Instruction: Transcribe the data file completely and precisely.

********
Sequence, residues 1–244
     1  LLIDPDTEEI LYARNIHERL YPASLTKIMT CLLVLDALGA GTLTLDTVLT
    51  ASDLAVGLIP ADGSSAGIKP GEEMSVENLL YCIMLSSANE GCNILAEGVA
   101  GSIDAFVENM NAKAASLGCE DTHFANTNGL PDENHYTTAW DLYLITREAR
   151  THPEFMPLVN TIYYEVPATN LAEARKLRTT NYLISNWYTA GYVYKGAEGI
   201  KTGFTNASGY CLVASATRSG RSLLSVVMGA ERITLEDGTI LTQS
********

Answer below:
Sequence, residues 1–244
     1  LLIDPDTEEI LYARNIHERL YPASLTKIMT CLLVLDALGA GTLTLDTVLT
    51  ASDLAVGLIP ADGSSAGIKP GEEMSVENLL YCIMLSSANE GCNILAEGVA
   101  GSIDAFVENM NAKAASLGCE DTHFANTNGL PDENHYTTAW DLYLITREAR
   151  THPEFMPLVN TIYYEVPATN LAEARKLRTT NYLISNWYTA GYVYKGAEGI
   201  KTGFTNASGY CLVASATRSG RSLLSVVMGA ERITLEDGTI LTQS